When Betty came to visit, she gave me a single paperwhite bulb. I didn't have a proper container to force it, so I jury-rigged one out of a votive holder and some tin. Within a few days of being given water, the roots began to reach down and a tiny green shoot began to work its way out. This week, the flowers bloomed, and looking at them brings me peace. The plant is so fragile just floating there, but so pretty, too.
After taking this photo, I deleted some recent shots to make more room on the memory card. Other photos have remained on the card for months, to stay indefinitely. Even though they've been downloaded and saved online, I worry that those copies might somehow get lost in a hard drive crash or a data outage. I cannot bring myself to remove the files from my camera, because it feels like I'd be erasing the people in them, too. How can I look at the last photograph of my father and press delete?
I like — perhaps need — to collect tiny pieces of people. That makes me sound like a serial killer, but you know what I mean. I have a box of souvenirs: photo booth strips, emptied matchbooks, a scrap of my grandfather's tie, a gelato wrapper, a thread from a wool dress, an expired RATP ticket, an origami crane, a drawing on a post-it, lakes cut out from a topographic map, a pressed maple leaf from the day my father died. I feel compelled to pour the importance of a moment into something small and tangible, so I can hold it and prove to myself that it existed.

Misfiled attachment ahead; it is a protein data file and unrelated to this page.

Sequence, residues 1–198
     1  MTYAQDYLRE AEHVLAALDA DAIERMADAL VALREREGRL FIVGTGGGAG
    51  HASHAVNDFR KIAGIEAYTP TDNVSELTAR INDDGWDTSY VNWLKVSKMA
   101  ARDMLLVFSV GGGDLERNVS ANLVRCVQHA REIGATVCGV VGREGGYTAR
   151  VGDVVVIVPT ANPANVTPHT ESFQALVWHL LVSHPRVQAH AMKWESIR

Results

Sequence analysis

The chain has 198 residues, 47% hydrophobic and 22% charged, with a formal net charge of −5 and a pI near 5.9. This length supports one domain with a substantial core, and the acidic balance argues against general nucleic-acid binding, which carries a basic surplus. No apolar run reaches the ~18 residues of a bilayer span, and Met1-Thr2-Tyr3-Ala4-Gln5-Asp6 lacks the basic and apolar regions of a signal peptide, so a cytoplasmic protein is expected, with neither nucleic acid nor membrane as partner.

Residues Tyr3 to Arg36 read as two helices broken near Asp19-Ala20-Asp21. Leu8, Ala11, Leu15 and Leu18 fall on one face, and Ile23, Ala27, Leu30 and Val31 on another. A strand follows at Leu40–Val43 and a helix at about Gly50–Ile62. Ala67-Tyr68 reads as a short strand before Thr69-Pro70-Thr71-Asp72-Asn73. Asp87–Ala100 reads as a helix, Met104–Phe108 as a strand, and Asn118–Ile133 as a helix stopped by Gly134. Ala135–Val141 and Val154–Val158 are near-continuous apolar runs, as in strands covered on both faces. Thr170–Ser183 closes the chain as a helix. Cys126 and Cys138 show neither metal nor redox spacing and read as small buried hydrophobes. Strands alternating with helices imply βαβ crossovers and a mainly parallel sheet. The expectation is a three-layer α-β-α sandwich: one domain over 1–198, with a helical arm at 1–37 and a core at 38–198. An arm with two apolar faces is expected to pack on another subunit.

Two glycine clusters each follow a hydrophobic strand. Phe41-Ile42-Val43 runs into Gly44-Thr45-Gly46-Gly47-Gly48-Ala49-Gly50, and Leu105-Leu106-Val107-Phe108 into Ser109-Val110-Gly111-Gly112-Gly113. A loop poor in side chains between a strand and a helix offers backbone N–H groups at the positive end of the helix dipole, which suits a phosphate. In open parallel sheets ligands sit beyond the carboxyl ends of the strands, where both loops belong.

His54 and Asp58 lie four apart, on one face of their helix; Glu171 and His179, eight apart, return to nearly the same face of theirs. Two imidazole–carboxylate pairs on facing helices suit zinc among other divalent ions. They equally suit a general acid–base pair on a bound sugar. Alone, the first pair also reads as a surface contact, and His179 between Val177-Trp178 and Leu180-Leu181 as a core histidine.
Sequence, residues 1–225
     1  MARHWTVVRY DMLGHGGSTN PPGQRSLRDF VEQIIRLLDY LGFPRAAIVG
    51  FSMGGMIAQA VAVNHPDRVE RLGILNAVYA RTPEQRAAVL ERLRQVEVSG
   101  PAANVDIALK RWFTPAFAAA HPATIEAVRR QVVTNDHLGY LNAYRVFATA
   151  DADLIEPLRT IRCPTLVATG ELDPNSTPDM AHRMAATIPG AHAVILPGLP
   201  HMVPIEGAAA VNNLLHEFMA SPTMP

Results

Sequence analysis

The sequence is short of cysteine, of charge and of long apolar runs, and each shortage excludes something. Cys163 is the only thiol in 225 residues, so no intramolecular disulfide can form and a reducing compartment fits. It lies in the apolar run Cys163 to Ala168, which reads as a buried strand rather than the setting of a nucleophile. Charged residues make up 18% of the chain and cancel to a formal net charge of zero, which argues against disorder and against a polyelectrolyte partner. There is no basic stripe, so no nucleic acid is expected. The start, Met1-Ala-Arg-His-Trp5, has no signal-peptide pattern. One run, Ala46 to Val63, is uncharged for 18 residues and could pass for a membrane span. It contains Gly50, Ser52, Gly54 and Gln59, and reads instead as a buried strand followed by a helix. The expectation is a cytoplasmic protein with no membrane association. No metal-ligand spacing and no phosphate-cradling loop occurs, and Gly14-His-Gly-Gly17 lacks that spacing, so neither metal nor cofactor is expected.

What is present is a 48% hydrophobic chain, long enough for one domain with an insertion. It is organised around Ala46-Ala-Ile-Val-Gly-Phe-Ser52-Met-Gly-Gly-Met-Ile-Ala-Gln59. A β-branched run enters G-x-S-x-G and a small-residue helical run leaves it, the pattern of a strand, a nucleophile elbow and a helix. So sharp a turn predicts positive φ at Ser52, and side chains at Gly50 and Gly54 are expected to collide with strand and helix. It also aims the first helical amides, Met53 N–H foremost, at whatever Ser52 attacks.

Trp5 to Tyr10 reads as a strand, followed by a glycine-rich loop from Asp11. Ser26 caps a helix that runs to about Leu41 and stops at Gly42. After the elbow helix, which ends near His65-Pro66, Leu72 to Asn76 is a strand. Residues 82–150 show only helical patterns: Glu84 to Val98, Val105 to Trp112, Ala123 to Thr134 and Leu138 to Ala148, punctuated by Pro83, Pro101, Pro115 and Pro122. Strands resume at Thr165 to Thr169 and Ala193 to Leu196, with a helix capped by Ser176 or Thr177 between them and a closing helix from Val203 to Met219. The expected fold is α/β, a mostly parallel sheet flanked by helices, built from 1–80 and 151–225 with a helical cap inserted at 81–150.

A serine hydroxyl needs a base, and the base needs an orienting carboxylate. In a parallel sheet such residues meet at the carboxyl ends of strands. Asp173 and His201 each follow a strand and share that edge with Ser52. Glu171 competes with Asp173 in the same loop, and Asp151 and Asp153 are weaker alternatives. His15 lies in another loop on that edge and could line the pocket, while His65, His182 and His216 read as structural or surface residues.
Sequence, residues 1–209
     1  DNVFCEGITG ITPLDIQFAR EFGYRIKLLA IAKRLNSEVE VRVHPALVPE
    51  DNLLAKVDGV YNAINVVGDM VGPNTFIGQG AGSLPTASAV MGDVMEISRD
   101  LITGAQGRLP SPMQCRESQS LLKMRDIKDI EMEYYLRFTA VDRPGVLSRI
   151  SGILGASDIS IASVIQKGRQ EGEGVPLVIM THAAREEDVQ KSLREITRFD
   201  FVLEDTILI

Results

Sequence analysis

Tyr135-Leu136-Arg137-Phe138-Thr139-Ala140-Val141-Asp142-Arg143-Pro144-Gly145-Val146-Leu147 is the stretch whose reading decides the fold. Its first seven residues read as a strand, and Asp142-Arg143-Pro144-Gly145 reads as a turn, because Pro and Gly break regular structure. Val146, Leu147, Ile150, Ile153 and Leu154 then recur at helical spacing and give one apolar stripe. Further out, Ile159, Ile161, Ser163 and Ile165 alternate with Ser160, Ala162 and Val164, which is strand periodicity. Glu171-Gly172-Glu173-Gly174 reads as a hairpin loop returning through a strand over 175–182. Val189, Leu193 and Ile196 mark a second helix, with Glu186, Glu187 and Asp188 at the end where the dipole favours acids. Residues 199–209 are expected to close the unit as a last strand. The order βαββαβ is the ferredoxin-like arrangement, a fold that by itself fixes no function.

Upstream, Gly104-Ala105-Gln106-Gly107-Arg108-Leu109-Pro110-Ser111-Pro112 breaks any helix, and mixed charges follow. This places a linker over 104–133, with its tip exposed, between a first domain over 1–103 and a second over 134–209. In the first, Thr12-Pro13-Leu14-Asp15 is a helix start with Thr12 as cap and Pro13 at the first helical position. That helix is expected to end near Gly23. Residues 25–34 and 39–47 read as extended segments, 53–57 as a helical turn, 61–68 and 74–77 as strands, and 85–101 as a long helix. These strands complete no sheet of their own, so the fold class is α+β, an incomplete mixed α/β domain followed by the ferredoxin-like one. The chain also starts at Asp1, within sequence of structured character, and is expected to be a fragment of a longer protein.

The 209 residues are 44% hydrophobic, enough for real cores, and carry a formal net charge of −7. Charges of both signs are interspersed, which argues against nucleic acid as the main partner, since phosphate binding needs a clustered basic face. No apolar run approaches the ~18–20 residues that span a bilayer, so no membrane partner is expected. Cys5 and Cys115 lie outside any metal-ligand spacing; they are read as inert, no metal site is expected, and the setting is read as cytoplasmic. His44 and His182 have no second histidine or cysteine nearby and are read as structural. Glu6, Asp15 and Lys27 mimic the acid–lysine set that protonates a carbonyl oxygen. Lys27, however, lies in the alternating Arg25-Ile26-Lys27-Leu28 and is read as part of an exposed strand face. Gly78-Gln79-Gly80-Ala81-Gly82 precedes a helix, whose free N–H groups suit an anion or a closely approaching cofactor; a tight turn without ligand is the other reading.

When it comes to our autobiographies, we are all unreliable narrators. Our minds translate personal fictions into personal truth. So this is why, when I click the camera's wheel backward and spin backward into time, I linger on those photographs. They are evidence, they are a link to the past, and in some cases they're all I have left.